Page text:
One of These Nights, the Eagles' fourth album, racked up a lot of firsts for the increasingly popular band. It's their first LP to reach No. 1. "Take It to the Limit" was their first gold-selling single. And it's the first (and only) time that guitarist Don Felder sang lead on an Eagles song ("Visions").

It's also the band's last album with co-founding guitarist Bernie Leadon, who left the group after the tour in support of One of These Nights. But that small bump in no way comes close to the list of achievements that mark the Eagles' fourth album. Before One of These Nights, they were a country-rock group that occasionally stretched its limits to middling results; after One of These Nights, the Eagles were one of the biggest rock bands in the world.

Six months before the June 1975 release of One of These Nights, the Eagles scored the first of their five chart-topping singles, "Best of My Love," from their 1974 album On the Border. During that time, and in the months leading up to its debut, the band – Felder, Leadon, guitarist Glenn Frey, drummer Don Henley and bassist Randy Meisner – recorded tracks for their fourth album in Miami and in Los Angeles.

The songs they came up with were more substantial than anything since their self-titled 1972 debut. And it was way more adventurous. From the monster disco-bottomed opener "One of These Nights" (featuring Henley's best vocal up to that point) to "Lyin' Eyes" (a six-minute country-jukebox tune sung by Frey and showcasing the group's stellar harmonies) to "Take It to the Limit" (with Meisner at his all-time best), the album signaled both the beginning and the end of Eagles eras.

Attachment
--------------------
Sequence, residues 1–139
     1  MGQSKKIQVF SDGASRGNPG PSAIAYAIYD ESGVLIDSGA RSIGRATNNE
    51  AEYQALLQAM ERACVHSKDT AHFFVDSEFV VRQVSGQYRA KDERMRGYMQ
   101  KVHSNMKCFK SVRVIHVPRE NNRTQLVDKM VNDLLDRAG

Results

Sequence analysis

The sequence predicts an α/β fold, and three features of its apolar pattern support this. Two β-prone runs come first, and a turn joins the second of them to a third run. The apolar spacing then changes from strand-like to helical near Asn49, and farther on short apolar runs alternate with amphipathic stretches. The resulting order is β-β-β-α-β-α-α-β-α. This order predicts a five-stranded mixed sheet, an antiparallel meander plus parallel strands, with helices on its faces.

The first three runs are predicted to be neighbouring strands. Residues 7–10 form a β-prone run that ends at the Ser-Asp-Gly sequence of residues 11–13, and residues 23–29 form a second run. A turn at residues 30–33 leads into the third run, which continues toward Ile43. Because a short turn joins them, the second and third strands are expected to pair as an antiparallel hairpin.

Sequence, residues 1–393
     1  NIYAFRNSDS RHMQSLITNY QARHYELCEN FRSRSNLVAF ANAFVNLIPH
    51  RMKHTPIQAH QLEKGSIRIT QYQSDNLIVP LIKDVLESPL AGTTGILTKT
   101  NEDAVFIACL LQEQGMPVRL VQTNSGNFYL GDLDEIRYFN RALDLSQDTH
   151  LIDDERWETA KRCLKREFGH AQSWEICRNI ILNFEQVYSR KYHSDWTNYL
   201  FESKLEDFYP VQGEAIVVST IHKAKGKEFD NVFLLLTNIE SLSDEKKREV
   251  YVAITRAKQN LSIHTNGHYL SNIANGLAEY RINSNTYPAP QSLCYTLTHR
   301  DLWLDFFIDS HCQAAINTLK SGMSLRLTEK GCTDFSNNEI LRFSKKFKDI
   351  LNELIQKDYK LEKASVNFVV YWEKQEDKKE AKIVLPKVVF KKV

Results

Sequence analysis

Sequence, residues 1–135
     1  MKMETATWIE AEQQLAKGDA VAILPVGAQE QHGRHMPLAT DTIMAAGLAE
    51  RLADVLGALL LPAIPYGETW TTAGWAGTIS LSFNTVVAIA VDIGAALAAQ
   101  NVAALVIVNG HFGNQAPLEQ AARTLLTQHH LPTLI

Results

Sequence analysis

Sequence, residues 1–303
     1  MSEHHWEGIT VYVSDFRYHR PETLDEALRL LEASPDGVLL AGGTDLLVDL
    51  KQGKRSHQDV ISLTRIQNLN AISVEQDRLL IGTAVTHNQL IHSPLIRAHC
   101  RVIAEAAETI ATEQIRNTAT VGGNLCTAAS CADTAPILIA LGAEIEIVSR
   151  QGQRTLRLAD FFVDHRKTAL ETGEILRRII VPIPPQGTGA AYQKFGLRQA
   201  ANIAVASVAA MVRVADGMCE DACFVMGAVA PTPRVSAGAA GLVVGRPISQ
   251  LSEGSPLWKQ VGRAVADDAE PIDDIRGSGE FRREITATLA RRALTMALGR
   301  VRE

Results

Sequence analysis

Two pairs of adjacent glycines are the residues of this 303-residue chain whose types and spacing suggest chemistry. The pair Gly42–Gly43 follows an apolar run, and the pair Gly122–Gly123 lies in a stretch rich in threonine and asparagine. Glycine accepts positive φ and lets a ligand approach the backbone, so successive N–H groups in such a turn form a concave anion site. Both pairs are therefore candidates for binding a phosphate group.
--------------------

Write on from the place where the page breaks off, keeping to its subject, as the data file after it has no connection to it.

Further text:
Listen to the Eagles Perform 'One of These Nights'

Leadon – who came from the Flying Burrito Brothers and played banjo, mandolin and pedal steel in addition to guitar – helped define the Eagles' sound early on. He gave them their twang and roots. But as the group headed into more worldly directions, and as Frey and Henley pretty much assumed leadership, he was beginning to be left out musically more and more.

By the time the Eagles' next album, the world-conquering Hotel California, rolled around, Leadon was gone, as was most of the band's country leanings. One of These Nights was the firing shot toward that route. There were still traces – "Lyin' Eyes," the excellent "After the Thrill Is Gone" – but the overall takeaway here is that the Eagles were ready for the next level.

They reached it and more. The album stayed at No. 1 for five weeks, selling more than four million copies over the years and spawning three Top 5 singles: "One of These Nights," which made it to No. 1, "Lyin' Eyes" (No. 2) and "Take It to the Limit" (No. 4). It was also nominated for an Album of the Year Grammy, with "Lyin' Eyes" picking up a Record of the Year nod.

But it was all mere setup for Hotel California and, eventually, the band's legacy. Aside from the singles and maybe a couple of others, One of These Nights dips in consistency along the way. By the time they started working on Hotel California the following year, they had picked up Joe Walsh and figured out how to make a great album from start to finish. Would they have gotten there without One of These Nights? Possibly. But they probably wouldn't have taken the chance.

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